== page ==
At the rate at which he is going, one would be inclined to think that Congress MP Shashi Tharoor’s new year’s resolution in 2017 was to do something about our collective vocabulary. Maintaining his grandiloquence on Twitter, and schooling those who send him mocking versions of the way he speaks, on December 14, Tharoor tweeted:
To all the well-meaning folks who send me parodies of my supposed speaking/writing style: The purpose of speaking or writing is to communicate w/ precision. I choose my words because they are the best ones for the idea i want to convey, not the most obscure or rodomontade ones!
— Shashi Tharoor (@ShashiTharoor) December 13, 2017
“To all the well-meaning folks who send me parodies of supposed speaking/writing style. The purpose of speaking or writing is to communicate w/precision. I choose my words because they are the best ones for the idea i want to convey, not the most obscure or rodomontade ones! (sic).”
The word ‘Rodomontade’ means “boastful or inflated talk or behaviour” or to “talk boastfully”. Tharoor claims the words he uses are not to be boastful but to communicate “with precision”. This reminds us of an eloquent but stern English teacher, who would pore over each of our sentences and chide us for improper sentence construction or missing punctuations.
Clearly exasperated with all the comedy around Tharoor’s practice of using high-sounding words, he decided to hit back with another word to the haters of his well-stocked vocabulary.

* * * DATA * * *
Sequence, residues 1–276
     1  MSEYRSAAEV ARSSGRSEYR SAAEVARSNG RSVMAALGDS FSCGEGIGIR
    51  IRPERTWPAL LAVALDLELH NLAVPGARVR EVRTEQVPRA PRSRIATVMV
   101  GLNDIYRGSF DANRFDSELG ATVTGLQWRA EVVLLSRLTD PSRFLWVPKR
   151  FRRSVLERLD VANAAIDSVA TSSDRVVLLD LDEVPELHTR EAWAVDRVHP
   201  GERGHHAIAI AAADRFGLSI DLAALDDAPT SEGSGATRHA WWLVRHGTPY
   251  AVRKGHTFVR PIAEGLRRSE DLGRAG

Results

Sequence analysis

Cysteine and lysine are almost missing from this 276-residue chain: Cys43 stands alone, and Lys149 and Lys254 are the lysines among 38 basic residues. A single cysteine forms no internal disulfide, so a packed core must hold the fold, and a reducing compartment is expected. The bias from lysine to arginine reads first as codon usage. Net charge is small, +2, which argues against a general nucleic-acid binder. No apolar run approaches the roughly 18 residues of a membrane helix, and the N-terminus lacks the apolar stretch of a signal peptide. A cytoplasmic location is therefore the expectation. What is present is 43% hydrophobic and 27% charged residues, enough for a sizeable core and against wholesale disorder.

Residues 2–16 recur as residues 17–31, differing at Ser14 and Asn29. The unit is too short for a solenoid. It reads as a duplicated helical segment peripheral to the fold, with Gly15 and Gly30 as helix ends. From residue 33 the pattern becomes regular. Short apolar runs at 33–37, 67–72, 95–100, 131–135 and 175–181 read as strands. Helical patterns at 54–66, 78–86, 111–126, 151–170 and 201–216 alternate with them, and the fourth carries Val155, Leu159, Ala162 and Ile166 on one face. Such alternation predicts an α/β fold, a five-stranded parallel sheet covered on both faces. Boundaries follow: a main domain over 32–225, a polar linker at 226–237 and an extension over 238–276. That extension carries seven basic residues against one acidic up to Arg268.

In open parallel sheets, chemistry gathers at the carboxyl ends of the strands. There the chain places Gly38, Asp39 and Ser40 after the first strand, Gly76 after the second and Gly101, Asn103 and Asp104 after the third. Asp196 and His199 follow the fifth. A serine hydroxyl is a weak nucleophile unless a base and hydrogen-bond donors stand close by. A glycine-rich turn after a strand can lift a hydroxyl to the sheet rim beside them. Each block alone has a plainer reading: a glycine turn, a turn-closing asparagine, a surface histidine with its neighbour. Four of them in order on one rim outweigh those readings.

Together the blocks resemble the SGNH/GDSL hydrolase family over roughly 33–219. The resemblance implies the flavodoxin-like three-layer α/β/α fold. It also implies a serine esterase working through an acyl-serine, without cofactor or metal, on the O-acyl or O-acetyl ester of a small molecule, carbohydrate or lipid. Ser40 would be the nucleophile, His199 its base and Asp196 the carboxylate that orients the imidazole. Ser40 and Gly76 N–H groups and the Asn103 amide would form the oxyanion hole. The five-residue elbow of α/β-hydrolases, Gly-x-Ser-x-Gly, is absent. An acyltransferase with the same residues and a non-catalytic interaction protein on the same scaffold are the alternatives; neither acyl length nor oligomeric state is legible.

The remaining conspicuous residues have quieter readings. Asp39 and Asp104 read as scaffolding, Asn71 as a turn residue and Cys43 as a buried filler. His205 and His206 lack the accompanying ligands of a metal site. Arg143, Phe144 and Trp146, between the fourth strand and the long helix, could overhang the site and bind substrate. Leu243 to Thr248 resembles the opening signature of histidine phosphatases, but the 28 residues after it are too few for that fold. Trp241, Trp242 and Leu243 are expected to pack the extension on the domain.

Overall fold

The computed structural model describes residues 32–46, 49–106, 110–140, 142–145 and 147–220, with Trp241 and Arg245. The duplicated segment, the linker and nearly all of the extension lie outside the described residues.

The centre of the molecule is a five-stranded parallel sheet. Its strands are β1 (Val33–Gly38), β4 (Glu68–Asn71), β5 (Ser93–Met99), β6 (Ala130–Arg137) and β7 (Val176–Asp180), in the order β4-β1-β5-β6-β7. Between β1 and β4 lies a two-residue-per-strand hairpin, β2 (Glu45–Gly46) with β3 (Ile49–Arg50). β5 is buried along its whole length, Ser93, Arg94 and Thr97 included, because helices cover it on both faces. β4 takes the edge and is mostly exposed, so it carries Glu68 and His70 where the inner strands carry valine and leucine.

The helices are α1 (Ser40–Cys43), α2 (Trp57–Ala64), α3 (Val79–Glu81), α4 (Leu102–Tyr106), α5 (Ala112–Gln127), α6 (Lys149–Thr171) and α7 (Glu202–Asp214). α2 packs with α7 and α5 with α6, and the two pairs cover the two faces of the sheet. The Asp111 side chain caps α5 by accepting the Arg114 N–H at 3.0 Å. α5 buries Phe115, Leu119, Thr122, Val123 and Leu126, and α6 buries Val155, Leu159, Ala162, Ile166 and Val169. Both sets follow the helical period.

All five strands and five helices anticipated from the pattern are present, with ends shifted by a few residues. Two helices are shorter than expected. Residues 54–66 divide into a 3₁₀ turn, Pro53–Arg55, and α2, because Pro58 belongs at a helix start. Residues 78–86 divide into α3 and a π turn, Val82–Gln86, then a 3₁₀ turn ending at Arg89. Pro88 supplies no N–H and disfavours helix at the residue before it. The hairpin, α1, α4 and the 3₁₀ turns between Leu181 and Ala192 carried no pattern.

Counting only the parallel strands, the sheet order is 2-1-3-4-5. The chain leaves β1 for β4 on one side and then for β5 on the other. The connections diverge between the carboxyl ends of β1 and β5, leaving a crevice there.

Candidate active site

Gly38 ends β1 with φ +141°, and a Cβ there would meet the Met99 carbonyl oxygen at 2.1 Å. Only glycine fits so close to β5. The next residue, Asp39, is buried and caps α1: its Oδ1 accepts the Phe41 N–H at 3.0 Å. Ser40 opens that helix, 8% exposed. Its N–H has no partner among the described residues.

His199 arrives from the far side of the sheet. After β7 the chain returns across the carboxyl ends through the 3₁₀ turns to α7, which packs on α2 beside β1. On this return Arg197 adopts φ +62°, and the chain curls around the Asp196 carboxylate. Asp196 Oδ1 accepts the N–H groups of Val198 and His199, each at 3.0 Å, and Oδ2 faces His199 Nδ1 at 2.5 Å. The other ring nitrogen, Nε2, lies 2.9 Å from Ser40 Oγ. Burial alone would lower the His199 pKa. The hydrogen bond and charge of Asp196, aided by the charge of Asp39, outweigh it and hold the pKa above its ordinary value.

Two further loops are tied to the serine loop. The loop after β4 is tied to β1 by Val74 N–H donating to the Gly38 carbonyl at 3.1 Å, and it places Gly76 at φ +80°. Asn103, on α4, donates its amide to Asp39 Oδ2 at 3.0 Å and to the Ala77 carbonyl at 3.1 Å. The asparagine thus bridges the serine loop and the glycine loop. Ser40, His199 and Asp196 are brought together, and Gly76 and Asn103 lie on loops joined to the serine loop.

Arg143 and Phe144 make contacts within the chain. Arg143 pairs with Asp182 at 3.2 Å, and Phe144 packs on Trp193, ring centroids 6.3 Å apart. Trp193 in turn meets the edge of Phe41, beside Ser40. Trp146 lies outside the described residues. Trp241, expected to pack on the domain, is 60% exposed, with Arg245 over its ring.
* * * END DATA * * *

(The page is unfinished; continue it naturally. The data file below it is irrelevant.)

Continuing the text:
Soon, Tharoor’s Twitter followers started scrambling to figure out what he meant. One was quick to send a screenshot of the meaning of ‘rodomontade’ and the rest went on to thank him for saving time. pic.twitter.com/JmP8cbms2U
— Krishna (@i_am_krisna) December 13, 2017
Last time the Thiruvananthapuram MP made headlines was when he introduced us to “farrago”. The word, which means a “confused mixture”, was used to describe the speculations about his wife, Sunanda Pushkar’s alleged murder. He had said, “Exasperating farrago of distortions, misrepresentations & outright lies being broadcast by an unprincipled showman masquerading as a journalist (sic).”
In July, Tharoor had also coined a new word for those sharing frivolous information on social media. He used the term “Webaqoof” to describe them. With Tharoor at the helm of cleaning up our lexicon, we are surely in safe hands because everytime he makes sure that we are flummoxed but learn another new word.